Fuel Cells and Hydrogen as Energy Vector

Department of Materials and Ceramic Engineering, CICECO – Aveiro Institute of Materials, University of Aveiro, 3810-193 Aveiro, Portugal


The major drawback of renewable electricity sources like wind or solar is intermittency due to demand and climate conditions. Energy storage is thus a crucial issue for a fully sustainable energy paradigm based on renewable sources of electrical power. (Fig. 1)

Hydrogen produced by water electrolysis during base load moments, stored and converted back to electricity through the inverse reaction, is the ideal energy vector. The possibility of large-scale use of hydrogen as a transport fuel massively increases the potential for renewables and base-load electricity supply. The Unitized Regenerative Fuel Cell (URFC) including in the same device an electrolyzer (EL) that converts electricity in hydrogen and oxygen, and a Fuel Cell (FC) producing electricity on demand by using the stored hydrogen and oxygen, is an enabler technology (Fig. 2).

 The cost, weight and volume of an URFC are potentially lower than the combination of separate FC and EL units, but the materials and the device critical function requirements are severe (Fig. 3). 

 The simplification of the thermal and water management systems, the discovery of electrolytes less sensitive to humidity and platinum-free electrocatalysts are key challenges for the URFC technology.

Project UniRCell - Unitised Regenerative Fuel Cell for Efficient Renewable Energy Supply: from Materials to Device aims to develop a new generation of environmentally sustainable, high-performance and low cost materials by demonstrating their application in a prototype URFC.


The work plan is organized in innovation supporting actions and technical activities focused on the:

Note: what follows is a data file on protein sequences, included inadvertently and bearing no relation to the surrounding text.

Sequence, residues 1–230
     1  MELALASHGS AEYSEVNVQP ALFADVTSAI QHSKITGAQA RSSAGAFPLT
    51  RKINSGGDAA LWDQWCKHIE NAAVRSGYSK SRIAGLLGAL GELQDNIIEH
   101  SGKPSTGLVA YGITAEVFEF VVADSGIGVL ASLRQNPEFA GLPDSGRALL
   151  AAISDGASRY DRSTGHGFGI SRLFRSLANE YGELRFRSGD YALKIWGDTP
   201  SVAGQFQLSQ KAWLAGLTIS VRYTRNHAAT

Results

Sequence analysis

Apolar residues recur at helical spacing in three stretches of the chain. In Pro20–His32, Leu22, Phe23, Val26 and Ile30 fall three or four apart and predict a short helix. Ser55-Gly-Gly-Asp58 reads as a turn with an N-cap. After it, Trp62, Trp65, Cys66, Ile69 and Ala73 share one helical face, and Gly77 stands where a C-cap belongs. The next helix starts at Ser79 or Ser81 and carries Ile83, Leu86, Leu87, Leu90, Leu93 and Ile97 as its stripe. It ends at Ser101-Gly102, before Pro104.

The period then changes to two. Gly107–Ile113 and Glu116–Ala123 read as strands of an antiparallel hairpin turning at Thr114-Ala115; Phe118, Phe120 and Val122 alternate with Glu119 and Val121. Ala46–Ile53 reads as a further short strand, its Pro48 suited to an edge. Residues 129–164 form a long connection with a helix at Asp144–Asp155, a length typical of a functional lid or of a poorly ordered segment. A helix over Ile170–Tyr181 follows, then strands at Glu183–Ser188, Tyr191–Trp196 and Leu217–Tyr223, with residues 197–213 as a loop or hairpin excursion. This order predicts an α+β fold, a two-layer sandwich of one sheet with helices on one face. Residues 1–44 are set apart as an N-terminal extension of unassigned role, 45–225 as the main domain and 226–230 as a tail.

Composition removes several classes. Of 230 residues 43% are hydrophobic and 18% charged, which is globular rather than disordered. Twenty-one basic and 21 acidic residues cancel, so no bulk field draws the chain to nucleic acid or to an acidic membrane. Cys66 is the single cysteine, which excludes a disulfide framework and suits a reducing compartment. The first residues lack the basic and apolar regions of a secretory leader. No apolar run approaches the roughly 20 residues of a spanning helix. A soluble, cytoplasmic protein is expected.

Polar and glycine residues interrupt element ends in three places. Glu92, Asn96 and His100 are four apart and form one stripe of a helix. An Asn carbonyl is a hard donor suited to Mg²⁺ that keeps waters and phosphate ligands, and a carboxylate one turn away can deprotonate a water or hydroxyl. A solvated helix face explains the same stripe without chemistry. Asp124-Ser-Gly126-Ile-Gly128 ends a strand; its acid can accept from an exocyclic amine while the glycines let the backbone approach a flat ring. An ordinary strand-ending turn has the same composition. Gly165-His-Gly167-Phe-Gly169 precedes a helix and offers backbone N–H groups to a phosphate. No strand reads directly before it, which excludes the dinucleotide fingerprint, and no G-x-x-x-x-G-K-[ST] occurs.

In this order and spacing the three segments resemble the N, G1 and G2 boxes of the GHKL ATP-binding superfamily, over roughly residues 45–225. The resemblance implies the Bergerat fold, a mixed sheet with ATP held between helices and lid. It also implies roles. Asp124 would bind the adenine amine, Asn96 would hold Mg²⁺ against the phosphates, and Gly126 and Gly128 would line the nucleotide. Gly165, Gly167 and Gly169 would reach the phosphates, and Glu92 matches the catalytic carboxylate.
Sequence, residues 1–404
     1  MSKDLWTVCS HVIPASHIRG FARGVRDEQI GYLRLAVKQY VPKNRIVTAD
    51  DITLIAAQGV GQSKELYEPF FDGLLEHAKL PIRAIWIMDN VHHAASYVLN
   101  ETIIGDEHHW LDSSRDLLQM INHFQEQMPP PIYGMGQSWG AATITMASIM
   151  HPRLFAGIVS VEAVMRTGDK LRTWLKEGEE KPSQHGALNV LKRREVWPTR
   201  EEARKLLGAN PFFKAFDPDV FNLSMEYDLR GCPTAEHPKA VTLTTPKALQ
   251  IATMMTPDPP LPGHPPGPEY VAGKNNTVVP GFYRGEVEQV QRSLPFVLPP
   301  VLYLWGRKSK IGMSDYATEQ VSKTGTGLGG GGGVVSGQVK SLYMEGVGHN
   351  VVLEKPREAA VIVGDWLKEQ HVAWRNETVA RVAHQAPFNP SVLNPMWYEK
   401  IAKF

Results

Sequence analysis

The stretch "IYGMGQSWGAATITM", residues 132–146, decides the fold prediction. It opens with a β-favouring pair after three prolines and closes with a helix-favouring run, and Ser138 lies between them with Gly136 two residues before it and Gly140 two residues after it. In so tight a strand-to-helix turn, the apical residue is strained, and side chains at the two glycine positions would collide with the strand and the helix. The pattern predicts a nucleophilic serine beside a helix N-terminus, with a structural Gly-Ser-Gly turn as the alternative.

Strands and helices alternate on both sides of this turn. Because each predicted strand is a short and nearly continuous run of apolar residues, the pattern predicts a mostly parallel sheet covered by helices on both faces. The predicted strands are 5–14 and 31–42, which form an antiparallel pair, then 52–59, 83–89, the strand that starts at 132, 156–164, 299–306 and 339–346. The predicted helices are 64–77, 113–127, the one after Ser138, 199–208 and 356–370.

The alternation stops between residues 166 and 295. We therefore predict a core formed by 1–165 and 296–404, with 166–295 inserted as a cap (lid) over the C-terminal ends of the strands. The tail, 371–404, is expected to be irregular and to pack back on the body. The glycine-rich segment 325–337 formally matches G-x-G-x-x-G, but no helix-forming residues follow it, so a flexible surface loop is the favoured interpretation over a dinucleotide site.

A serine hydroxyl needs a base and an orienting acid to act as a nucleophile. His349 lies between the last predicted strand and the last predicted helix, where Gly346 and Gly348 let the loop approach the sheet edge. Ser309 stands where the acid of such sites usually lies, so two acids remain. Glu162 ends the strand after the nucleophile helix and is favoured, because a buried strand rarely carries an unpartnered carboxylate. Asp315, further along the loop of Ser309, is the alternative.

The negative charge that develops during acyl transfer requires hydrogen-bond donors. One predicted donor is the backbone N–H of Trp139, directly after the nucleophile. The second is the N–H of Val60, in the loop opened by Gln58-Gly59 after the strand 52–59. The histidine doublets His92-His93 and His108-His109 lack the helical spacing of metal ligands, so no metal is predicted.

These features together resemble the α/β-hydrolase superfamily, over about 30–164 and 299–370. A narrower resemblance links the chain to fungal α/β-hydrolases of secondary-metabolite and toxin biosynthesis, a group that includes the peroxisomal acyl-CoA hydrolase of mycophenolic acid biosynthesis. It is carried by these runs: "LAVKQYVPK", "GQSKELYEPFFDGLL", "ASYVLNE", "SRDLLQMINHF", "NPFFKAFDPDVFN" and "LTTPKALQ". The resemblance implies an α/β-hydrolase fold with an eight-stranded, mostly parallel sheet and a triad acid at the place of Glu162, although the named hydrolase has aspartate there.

-development of novel electrolytes;

-development of novel OER/ORR and HER/HOR bifunctional electrocatalysts based on;

-integration of membrane electrode assemblies through evaluation of different electrode configurations, gas diffusion layers and separator plates;

-analytical and experimental critical function/validation of the components in laboratory FC, EL and URFC prototypes.


Modelling approaches are implemented in various activities in order to gain insight on:

-atomistic features of the relationships between structure, ionic transport and electrocatalysis;

-dynamic effects of two-phase flow, heat and mass transfer on device performance optimization.


Funded by COMPETE 2020 and FCT within the framework of the “Programa de Actividades Conjuntas”, the UniRCell research team combines the expertise in ionic conductors from UAveiro/CICECO and UTAD/CQ-VR to develop electrolytes, the materials chemistry from REQUIMTE/LAQV and the surface science from LSRELCM/FEUP acting together on the preparation and evaluation of electrocatalysts, and the transport phenomena engineering of FEUP/CEFT for device integration, testing and optimization.

UniRCell is thus an opportunity to develop and consolidate R&D activities on hydrogen and fuel cells technologies in Portugal, now scarce and lacking critical mass, by proving several training opportunities and scientific jobs.

Fig. 1 / Renewable electricity (wind, solar or hydro) in base load moments is used to produce hydrogen and oxygen through water electrolysis. The produced gases can be stored and subsequently used in a fuel cell to produce electricity, which is fed to the grid upon demand.

This regenerative process can be carried out on a URFC electrochemical reactor.

Fig. 2 / The electrochemical combustion of hydrogen in the fuel cell, and the reverse process in the electrolyzer. Both processes can occur in the same type of electrochemical reactor, comprising a proton conducting electrolyte, electrodes and suitable electrocatalysts.

Fig. 3 / Schematics of the losses in a fuel cell and in a electrolyzer based on a proton exchange membrane operating in acid conditions, where it can be seen that reactions involving hydrogen are more favorable then the reactions involving oxygen. An efficient URFC system implies the development of bifunctional electrocatalysts, i.e., which are able on the one hand to catalyze both REO e RRO, but, on the other hand are also able to improve the kinetics of ROH and REH.

Another key aspect for the URFC technology is the development of electrolytes stable in both oxidizing and reducing conditions under variable and relative humidity conditions.